Conducted by the University of Michigan, Institute for Social Research, Survey Research Center.

A user guide is provided with the study documentation. It contains a year-to-year cross-time question index for the MTF 12th-grade surveys, which is sorted by subject area, item reference number, and questionnaire form.

Frequency and percentage distributions displayed in the 2009 codebooks are unweighted, rather than weighted by variable V5 as they had been in previous years. This change was made to simplify both the production of the codebooks and their interpretation by the analyst.

A multistage area probability sample design involving three selection stages: (1) geographic areas or primary sampling units (PSUs), (2) schools (or linked groups of schools) within PSUs, and (3) students within sampled schools. Of the 72 PSUs, 8 were selected with certainty, 10 were selected with a probability of .50, and the remainder were selected using a probability based on their 2000 Census household count. In schools with more than 350 seniors, a sample of seniors or classes was drawn. In schools with less than 350 seniors, all seniors were asked to participate unless logistical challenges required a sample be taken. Each school was asked to participate for two years so that each year one-half of the sample would be replaced. Schools refusing participation were replaced with similar schools in terms of geographic location, size, and type of school (e.g., public, private/Catholic, private/non-Catholic). The total sample was divided into 6 subsamples consisting of an average of 2,378 respondents. Each subsample was administered a different form of the questionnaire, although all respondents answered the "core" drug and demographic questions. The participation rate among schools has been between 66 and 85 percent since the inception of the study.

High school seniors in the contiguous United States.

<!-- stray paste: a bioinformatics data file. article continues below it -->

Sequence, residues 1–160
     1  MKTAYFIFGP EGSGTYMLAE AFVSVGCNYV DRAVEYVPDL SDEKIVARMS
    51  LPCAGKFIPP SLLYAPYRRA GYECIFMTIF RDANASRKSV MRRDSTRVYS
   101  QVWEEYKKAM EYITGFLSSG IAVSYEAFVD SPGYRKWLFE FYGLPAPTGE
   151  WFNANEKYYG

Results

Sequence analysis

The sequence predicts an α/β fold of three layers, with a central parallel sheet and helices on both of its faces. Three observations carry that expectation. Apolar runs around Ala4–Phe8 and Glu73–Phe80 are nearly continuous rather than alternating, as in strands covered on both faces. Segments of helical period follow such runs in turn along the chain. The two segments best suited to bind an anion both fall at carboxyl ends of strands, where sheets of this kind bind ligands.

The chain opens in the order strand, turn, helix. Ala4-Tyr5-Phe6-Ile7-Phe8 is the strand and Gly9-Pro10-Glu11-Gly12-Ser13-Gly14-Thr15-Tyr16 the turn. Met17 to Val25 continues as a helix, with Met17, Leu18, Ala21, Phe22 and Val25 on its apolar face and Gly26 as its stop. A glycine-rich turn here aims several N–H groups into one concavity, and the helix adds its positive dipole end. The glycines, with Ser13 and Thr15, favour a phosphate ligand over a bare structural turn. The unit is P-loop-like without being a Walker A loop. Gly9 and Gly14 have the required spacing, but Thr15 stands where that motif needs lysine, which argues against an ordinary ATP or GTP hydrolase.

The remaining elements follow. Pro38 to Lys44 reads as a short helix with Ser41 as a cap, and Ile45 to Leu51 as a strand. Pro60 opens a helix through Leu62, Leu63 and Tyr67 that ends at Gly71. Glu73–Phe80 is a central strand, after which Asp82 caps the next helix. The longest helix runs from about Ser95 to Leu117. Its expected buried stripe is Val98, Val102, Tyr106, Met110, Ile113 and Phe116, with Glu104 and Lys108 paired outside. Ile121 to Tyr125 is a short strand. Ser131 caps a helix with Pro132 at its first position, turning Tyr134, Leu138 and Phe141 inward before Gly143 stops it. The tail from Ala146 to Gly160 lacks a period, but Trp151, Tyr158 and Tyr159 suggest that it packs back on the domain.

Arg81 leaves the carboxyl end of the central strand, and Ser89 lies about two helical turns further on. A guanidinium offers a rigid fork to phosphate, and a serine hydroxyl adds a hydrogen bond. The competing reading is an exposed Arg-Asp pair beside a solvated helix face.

survey data

on-site questionnaire

The overall student response rate for 2009 was 82 percent.



2010-10-27 ICPSR data undergo a confidentiality review and are altered when necessary to limit the risk of disclosure. ICPSR also routinely creates ready-to-go data files along with setups in the major statistical software formats as well as standard codebooks to accompany the data. In addition to these procedures, ICPSR performed the following processing steps for this data collection:

  • Performed consistency checks.
  • Standardized missing values.
  • Created online analysis version with question text.
  • Checked for undocumented or out-of-range codes.

Each of the seven parts contains a weight variable, V5. They were originally varied by school but were modified to protect respondent confidentiality. Users should use the weight variable for all analyses, the results of which will differ slightly from published data tables that used original data.


  • The public-use data files in this collection are available for access by the general public. Access does not require affiliation with an ICPSR member institution.


This study is maintained and distributed by the National Addiction & HIV Data Archive Program (NAHDAP). NAHDAP is supported by the National Institute on Drug Abuse (NIDA), part of the National Institutes of Health (NIH).